i can’t fully express how happy this makes me…
maybe it’s unpatriotic of me to say this, but i’m ok with muqtada al-sadr hating the u.s. with all of his heart… if he’s willing to do his job and truly preach his religion and help his people and his country. in case you missed, well, everything, this man is hugely influential in his part of the world. i’m so encouraged to hear him telling his followers not to engage iraqi forces, to seek reconcilliation with their sunni brothers, and to be tolerant of the religious minorities in their midst. he can blame us for whatever he wants, so long as he helps put his country back together, stop the massacre of his people by his people, and let us get the hell out of there. his message finally reflected the positive aspects of islam that i heard about and saw demonstrated in the lives of my muslim friends growing up. it looks like someone in power is finally looking past the end of his own nose and taking steps in the right direction. he wants what we want… a peaceful, stable iraq and the pull-out of u.s. troops a.s.a.p…. let’s work together to make that happen, buddy.
here’s hoping OUR leaders don’t screw this chance up…
why is this on the front page of BBC news today… but nowhere to be found on CNN? WTF is WRONG with this country?! and what’s going on here in the south? how is this still happening? and in the younger generation, too. even after being exposed to so much anti-racism propaganda through music and television, they’re still hatin’ eachother…
now, i know these are “just kids” that are mostly to blame for kicking this mess up and kids don’t often have that great of a grasp on the greater picture. i didn’t when i was in highschool, but i sure as hell knew that this kinda crap would have been seriously unacceptable and hateful in my community. someone is teaching these kids that this type of behaviour is acceptable. either directly or by their inaction, the adults in this community are giving them the go ahead to hang nooses in trees and beat the shit out of kids because they are of a different race. the school board should have expelled the kids who hung the nooses… that’s a hate crime. federal offense. the principal was fully correct to call for their expulsion.
how does this continue to happen, and how can communities fight it? how can we, as nashvillians, keep this from happening? how can we as southerners (even nominal ones like me) fight the stereotypes that history has left us?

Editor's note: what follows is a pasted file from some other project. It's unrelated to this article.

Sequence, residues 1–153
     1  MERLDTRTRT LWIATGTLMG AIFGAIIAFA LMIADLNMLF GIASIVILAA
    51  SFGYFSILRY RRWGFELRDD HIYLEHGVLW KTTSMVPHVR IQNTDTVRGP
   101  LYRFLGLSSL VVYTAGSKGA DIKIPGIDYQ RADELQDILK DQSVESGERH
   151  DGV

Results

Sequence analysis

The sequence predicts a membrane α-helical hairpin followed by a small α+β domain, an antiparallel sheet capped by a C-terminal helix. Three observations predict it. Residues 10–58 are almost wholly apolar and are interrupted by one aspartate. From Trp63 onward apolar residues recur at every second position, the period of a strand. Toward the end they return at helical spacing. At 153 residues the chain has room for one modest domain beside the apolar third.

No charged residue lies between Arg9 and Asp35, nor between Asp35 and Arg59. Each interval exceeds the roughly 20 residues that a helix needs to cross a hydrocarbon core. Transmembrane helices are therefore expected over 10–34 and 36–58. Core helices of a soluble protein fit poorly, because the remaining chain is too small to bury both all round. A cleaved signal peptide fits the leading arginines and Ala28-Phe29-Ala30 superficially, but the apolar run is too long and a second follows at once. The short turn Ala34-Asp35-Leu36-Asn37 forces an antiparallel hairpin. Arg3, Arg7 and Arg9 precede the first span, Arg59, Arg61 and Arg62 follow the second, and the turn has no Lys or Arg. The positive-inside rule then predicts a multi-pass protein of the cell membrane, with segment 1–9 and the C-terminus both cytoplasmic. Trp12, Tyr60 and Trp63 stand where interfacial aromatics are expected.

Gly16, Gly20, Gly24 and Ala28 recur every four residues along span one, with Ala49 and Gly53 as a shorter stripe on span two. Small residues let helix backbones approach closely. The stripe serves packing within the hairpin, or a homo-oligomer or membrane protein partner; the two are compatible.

it appears that this year marks the 100th anniversary of the birth of a belgian man named herge. the belgians, in their own way, are throwing a party.
you don’t care.
… and here’s why… herge is the acclaimed artist and writer behind the world famous tintin stories. originally written in french, these “comic books” and, later, animated cartoons played a HUGE role in my childhood. i grew up following tintin, the intrepid, young journalist and his little dog snowy around the world as they had grand adventures in search of truth, enlightenment, and justice.
though i find myself resembling his friend, captain haddock, more than him, tintin was (and to some extent, remains) my hero. his values were exalted, his goals were lofty, his friendship was unassailable, and his passion for people ran deeper than any concern for himself. he surrounded himself with interesting characters, and called all manners and types of people “friend.”
and he got to ride in a mechanical shark submarine.
i want to ride in a mechanical shark submarine.
i’ve realized, as i’ve grown up, that i really did draw a lot of lessons and values from the books and comics and cartoons that i grew up with. most kids grew up with spiderman and batman and the xmen… i grew up with tintin, captain haddock, asterix, and obelix. from tintin i learned that everyone has worth, doing the right thing is never really a choice, and that justice is worth hardship. from asterix i learned that freedom is vital to happiness and that happiness is a worthy goal… and the meaning of the term “a play on words.” from both i learned that you need never outgrow whimsy and discovery and that an unabashed grin is worth a thousand words.
there is power in art. there is knowledge in writing. with a combination of both, it should be obvious that comics can have worth.
so i’ll raise a glass to the artists that dare to make their art sequential and draw the ire of the classical-types. thank you herge. thank you goscinny and uderzo. though you’ve passed away, you’re still making us smile.